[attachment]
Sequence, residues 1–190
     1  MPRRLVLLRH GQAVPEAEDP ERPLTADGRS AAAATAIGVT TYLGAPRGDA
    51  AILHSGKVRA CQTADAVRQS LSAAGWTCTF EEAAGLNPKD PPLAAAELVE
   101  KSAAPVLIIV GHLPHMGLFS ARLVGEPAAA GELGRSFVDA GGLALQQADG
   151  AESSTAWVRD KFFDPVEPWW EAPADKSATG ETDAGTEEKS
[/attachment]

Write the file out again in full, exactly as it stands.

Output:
Sequence, residues 1–190
     1  MPRRLVLLRH GQAVPEAEDP ERPLTADGRS AAAATAIGVT TYLGAPRGDA
    51  AILHSGKVRA CQTADAVRQS LSAAGWTCTF EEAAGLNPKD PPLAAAELVE
   101  KSAAPVLIIV GHLPHMGLFS ARLVGEPAAA GELGRSFVDA GGLALQQADG
   151  AESSTAWVRD KFFDPVEPWW EAPADKSATG ETDAGTEEKS